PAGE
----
retrofits

Retrofits: an overdue climate solution

Existing buildings play a big role in reaching environmental targets
Thursday, September 21, 2023
by Mahesh Ramanujam

It’s been a troubling year for weather-related incidents in Canada. In the most destructive wildfire season on record, lethal blazes continue to tear through parts of the country, with expectations that they’ll be followed by deluges this fall. Meanwhile, tornadoes are damaging homes and causing power outages in other regions. Sadly, this is our new normal, as climate change makes extreme weather much more frequent and severe.

Thankfully, these episodes have not gone unnoticed by the persons and institutions most capable of changing course for Canada. The government in Ottawa has set its sights on net zero emissions by 2050, in-line with the goals espoused in the 2015 Paris Agreement. But among the more encouraging components of Canada’s agenda are its plans for the built environment, inclusive of a $1.5 billion program to renovate, retrofit, and otherwise transform Canada’s public community buildings. It’s the thesis of the policy that’s especially noteworthy. Canada is allocating public funds toward both the mitigation of buildings’ carbon emissions, as well as their resilience toward the adverse effects of climate change. For the private sector, I’d recommend the building developers, owners, and managers of Canada’s commercial real estate sector take similar action with retrofits of their own.

To state the obvious, retrofits to buildings are urgent to protect the people inside them in the face of relentless extreme weather. Weather-proofing existing buildings and infrastructure includes the methods we’re all familiar with: air seals, weatherstripping windows and doors, and improving insulation. It also includes a myriad of new and emerging technologies like nanotechnology for waterproofing, damage-proof smart windows with temperature control, and even external tools like electric vehicles serving as backup generators for buildings. All of these tools, and hundreds of others available, can be incorporated into existing structures.

Of course, existing buildings shouldn’t just be adopted to withstand climate change, but to mitigate it in the first place. Buildings are massive levers for eliminating a bulk of society’s GHG damage, with real estate accounting for 40 per cent of emissions. Energy-efficient lighting, heating, cooling, and water management systems reduce a building’s pollution and save costs for owners and operators. The timing also couldn’t be better to upgrade assets for energy efficiency, with shared office spaces undergoing major changes post-pandemic. The updates don’t have to be drastic. In homes and multi-family buildings, even simple tools like smart thermostats make a big difference; demand response can collectively offset entire power plants. Even bike racks or electric vehicle chargers outside commercial buildings encourage clean transportation.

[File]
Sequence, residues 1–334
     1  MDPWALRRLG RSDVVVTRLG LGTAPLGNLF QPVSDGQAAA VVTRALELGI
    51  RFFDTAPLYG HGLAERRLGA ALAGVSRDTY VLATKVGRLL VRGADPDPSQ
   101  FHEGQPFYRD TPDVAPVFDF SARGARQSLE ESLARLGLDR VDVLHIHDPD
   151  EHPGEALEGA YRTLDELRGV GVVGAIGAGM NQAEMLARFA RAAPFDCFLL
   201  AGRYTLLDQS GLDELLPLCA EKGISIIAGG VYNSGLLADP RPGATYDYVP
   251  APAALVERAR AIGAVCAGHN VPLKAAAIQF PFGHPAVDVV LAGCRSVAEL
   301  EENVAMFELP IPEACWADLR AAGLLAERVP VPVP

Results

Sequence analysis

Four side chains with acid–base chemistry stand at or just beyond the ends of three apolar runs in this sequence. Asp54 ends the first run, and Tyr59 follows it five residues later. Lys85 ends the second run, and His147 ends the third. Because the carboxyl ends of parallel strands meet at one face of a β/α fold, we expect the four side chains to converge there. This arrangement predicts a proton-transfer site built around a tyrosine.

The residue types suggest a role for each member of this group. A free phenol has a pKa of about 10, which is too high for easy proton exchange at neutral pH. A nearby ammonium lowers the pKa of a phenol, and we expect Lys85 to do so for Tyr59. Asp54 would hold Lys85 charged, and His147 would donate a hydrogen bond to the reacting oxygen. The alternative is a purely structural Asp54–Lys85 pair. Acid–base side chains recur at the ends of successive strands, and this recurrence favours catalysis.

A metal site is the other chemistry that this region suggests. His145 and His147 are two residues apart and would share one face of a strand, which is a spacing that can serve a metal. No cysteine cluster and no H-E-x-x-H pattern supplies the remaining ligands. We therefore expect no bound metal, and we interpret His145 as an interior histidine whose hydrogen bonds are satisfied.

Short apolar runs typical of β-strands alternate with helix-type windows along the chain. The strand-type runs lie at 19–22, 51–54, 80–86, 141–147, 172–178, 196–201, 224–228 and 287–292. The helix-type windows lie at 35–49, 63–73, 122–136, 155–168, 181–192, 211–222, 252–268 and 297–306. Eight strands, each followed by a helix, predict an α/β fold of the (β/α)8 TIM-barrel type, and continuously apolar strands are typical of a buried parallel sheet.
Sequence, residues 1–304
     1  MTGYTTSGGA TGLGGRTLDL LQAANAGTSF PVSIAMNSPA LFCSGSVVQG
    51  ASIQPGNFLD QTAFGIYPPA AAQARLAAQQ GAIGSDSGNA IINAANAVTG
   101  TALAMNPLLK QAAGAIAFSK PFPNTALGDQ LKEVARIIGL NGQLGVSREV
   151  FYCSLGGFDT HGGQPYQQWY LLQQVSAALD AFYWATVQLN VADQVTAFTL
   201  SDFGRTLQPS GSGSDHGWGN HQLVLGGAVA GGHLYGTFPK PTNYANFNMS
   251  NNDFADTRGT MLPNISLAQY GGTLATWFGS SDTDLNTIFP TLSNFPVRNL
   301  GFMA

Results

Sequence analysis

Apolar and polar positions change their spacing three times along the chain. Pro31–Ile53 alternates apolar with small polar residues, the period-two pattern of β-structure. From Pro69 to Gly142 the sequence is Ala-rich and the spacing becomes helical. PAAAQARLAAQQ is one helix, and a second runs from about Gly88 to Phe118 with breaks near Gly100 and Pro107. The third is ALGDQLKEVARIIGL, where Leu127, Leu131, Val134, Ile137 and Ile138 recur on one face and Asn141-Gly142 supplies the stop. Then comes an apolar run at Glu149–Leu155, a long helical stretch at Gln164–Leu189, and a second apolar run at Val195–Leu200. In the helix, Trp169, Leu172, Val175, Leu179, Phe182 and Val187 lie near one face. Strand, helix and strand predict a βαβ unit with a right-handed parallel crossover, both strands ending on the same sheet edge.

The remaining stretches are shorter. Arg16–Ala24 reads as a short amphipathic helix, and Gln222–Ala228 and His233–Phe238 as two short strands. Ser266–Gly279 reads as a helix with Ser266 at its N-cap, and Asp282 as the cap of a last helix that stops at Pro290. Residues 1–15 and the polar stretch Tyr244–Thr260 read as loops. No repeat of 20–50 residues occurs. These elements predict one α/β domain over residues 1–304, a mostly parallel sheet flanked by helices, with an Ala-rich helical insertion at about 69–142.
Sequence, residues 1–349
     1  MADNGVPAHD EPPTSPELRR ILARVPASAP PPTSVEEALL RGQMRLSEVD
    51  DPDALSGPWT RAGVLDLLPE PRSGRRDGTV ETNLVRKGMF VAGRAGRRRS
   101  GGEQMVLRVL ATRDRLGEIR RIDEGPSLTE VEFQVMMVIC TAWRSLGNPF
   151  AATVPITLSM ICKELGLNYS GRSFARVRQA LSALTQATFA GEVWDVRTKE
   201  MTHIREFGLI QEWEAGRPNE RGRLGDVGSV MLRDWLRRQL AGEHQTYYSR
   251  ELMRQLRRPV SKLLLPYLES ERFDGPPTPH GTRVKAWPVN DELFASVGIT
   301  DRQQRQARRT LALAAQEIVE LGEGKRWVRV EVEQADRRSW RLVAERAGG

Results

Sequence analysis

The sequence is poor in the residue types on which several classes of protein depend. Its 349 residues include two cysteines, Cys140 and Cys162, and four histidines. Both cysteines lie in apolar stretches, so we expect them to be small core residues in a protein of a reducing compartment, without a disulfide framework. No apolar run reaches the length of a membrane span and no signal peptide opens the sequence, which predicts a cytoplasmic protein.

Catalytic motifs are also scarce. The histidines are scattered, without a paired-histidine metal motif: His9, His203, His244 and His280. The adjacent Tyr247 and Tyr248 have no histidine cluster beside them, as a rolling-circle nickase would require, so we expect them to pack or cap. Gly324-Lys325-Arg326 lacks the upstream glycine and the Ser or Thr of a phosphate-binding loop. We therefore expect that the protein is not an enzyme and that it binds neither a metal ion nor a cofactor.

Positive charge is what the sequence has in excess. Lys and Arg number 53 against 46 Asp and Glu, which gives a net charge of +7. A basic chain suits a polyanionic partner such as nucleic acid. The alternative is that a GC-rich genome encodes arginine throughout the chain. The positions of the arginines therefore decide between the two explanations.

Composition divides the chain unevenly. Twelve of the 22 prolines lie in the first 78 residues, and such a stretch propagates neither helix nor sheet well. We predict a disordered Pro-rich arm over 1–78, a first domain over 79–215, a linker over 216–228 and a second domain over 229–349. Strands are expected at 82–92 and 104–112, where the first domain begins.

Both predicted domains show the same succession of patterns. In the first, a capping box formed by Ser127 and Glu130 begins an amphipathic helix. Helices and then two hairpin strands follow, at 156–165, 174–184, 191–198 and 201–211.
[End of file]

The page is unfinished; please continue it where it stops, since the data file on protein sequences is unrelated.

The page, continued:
Of course, the ultimate retrofit makes an existing building not only net zero, but what I like to call, “beyond zero” storing carbon and producing excess clean energy. While existing buildings can’t store carbon through cement the way new buildings can, well-designed and placed greenery on large buildings serves as a natural, albeit small-scale, carbon capture solution. Onsite renewable generation like solar and storage are also viable options for retrofits. Solar panels and battery storage are an obvious option to start transforming buildings into power stations. Water recycling systems are also a viable option. Most existing retrofits aren’t quite beyond zero yet, but we’re getting closer.

The truth is, we have no time to waste updating our existing buildings to adapt to the new challenges we face in the age of climate change, especially as buildings played no small role in getting us into this mess. Before starting from scratch with new structures (and the massive emissions construction produces), upgrades and retrofits should always be considered to protect buildings, the people inside them, and the world around them.

 

Mahesh Ramanujam is president and CEO of The Global Network for Zero and former CEO and president of the U.S. Green Building Council.

 

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